Sony HMZ-T2 hands-on

Aug 30, 2012
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Sony HMZ-T2 hands-on

Wearable displays have jumped in attention over the past twelve months, with the arrival of Google's Glass driving interest, but Sony continues to push virtual big-screen entertainment rather than augmented reality. The HMZ-T2 Personal 3D Viewer was a quiet surprise at IFA, replacing last year's T1 with a more compact, lightweight version using a pair of 720p HD OLED screens to create a virtually vast individual screen. Read on for our hands-on first impressions.

Where wearables like Google Glass focus on overlaying digital data on top of the virtual world, Sony's headset hopes to take you away from it. The two OLEDs are enclosed in a white and black plastic visor - you can see your feet below you, but nothing ahead of you - and though they're each only 0.7-inches diagonal, the effect is of watching a considerably larger screen at a distance of several feet.

The first struggle is getting it to fit. Perhaps I have an unfeasibly large head, but getting the adjustable strap - which pulls on like a baseball cap, from back to front - to sit snugly but still allow the visor to sit in my eye-line proved tricky. You also need headphones, either a set of in-ear buds plugging into the HMZ-T2 itself, or a separate pair of cans that you put on secondly. There's a padded piece that rests against your forehead, and while we were able to ignore it initially, we could imagine it might get uncomfortable after watching a full feature film.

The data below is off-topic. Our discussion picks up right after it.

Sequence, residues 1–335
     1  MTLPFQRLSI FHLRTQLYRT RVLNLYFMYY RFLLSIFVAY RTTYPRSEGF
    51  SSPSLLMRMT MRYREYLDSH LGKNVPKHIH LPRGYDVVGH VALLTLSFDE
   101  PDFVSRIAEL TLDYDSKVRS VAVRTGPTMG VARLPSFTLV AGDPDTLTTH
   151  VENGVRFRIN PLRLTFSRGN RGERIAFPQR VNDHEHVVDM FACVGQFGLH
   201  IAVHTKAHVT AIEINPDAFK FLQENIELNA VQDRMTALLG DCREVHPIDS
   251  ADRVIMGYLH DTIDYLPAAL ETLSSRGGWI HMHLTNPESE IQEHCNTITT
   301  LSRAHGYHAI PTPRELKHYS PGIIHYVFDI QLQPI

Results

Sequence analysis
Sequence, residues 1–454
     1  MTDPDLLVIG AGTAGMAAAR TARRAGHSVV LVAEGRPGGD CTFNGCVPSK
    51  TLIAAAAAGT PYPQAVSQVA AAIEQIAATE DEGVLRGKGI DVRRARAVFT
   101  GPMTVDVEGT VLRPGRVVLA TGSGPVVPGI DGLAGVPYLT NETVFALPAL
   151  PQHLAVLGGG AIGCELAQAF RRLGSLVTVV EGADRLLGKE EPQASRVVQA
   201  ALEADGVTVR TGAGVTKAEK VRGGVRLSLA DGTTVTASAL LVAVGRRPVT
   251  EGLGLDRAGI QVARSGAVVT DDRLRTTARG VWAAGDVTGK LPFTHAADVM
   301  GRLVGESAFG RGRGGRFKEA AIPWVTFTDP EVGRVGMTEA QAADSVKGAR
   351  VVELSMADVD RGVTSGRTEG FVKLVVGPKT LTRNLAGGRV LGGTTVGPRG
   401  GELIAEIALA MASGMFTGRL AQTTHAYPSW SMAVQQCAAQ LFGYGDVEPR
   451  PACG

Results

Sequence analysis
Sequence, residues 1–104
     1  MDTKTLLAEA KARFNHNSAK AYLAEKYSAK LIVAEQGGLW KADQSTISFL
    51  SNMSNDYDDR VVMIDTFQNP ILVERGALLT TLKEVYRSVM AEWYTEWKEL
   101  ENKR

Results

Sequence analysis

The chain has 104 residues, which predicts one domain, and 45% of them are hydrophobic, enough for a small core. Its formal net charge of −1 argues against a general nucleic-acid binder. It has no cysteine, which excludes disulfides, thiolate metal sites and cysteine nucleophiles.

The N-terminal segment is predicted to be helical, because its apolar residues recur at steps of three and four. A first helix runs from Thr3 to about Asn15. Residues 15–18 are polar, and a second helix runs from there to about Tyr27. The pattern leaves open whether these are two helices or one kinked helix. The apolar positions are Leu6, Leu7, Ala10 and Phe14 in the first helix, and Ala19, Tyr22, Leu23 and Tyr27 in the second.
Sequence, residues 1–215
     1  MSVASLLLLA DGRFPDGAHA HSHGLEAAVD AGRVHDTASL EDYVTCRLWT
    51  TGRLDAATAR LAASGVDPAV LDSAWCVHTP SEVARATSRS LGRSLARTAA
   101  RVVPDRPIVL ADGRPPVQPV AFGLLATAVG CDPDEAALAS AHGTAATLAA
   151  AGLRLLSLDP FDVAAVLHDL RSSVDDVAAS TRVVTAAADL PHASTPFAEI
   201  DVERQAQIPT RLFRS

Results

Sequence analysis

Once you've actually got it on, though, the result is impressive. The screens may be 720p not 1080p, but you don't notice at that distance: the overall effect is of crisp visuals that are bright enough to be clear but not so much as to hurt your eyes. Meanwhile the 3D effect is excellent: none of the shimmer or shudder that you can suffer using regular 3D TVs.

Controls are hidden on the lower side of the headset, though they're quite small and - since you can't actually see them when you're pressing them - could do with being larger for more straightforward navigation. A dual display switcher, meanwhile, allows for two players to game on the same console, one using the TV as normal and the other seeing their own personal view through the HMZ-T2.

Sony HMZ-T2 hands-on:

Sony isn't talking price yet for the T2, though its predecessor came in at around $800. That gets you a big TV for home viewing or a couple of tablets for on the move, though the latter are never really going to provide the same visual experience as the former. The HMZ-T2, however, might well prove a sufficient alternative, and that's before you get into the possibility of hooking up computers or other devices to take advantage. Expect it to hit shelves later in 2012.


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